Origin Green and the Retail & Foodservice Sustainability Charter

Origin Green, Ireland’s National Sustainability Programme, aims to establish Ireland as a leading source of sustainably produced food and drink products. It is a voluntary programme that seeks to demonstrate the collective commitment of the Irish food industry to operate in the most sustainable manner possible. The programme incorporates sustainability measures at farm level (through Bord Bia's Quality Assurance infrastructure), through manufacturing (manufacturers have to develop and implement sustainability plans for their business). There are now more than 550 Irish manufacturers registered for Origin Green, with 227 verified members with a sustainability plan in place and who have a proven and measured commitment to sustainability.

The scope of Origin Green has recently been extended to incorporate the retail and foodservice elements of the supply chain. This will mean that Origin Green will now cover all elements of the supply chain to the point where consumers purchase or consume the final product. The Retail & Foodservice Sustainability Charter offers a clear, and independently verified, structure that can support food businesses in enhancing supply chain integrity, building operational resilience and delivering continuous improvement.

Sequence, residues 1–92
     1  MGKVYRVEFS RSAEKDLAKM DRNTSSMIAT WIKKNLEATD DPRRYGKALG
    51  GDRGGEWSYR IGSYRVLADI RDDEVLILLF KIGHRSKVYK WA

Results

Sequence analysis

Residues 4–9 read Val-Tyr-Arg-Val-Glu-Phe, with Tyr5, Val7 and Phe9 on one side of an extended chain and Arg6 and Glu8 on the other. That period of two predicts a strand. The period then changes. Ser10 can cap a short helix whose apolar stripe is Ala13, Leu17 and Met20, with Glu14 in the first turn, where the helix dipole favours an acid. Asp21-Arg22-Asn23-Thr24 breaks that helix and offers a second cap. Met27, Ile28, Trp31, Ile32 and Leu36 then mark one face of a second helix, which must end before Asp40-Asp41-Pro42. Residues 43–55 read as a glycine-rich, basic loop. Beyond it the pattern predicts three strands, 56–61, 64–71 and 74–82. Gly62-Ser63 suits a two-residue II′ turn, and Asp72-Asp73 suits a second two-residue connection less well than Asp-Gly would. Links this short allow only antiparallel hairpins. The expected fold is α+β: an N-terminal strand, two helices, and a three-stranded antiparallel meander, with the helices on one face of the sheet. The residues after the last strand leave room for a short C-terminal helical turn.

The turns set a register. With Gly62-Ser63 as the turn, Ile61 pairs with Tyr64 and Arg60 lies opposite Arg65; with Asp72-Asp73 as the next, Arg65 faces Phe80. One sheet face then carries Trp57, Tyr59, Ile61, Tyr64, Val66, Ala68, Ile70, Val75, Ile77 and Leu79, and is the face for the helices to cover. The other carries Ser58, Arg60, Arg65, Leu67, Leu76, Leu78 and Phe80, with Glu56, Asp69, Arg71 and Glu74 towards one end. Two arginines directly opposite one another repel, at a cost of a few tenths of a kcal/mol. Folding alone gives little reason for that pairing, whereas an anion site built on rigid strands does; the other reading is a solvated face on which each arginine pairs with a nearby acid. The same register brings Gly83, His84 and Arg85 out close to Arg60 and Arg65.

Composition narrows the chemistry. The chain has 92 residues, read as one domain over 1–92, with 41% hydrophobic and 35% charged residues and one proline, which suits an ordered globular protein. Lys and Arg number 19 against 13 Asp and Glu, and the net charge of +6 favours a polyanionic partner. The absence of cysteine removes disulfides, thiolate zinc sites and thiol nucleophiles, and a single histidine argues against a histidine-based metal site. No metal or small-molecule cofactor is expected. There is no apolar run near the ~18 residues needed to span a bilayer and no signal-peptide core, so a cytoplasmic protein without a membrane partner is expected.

ADAS provides insight and solutions to businesses within the food and beverage industry. We support our clients to develop and implement sustainable sourcing, risk management and resource efficiency strategies, generating cost savings and building business resilience. Our long history of engaging with the agri-food industry ensures we understand the different commercial drivers across the food chain, from farm to consumer.

For more information please contact:

Conor Mc Mahon

Sustainable Supply Chain Consultant

Conor.McMahon@adas.co.uk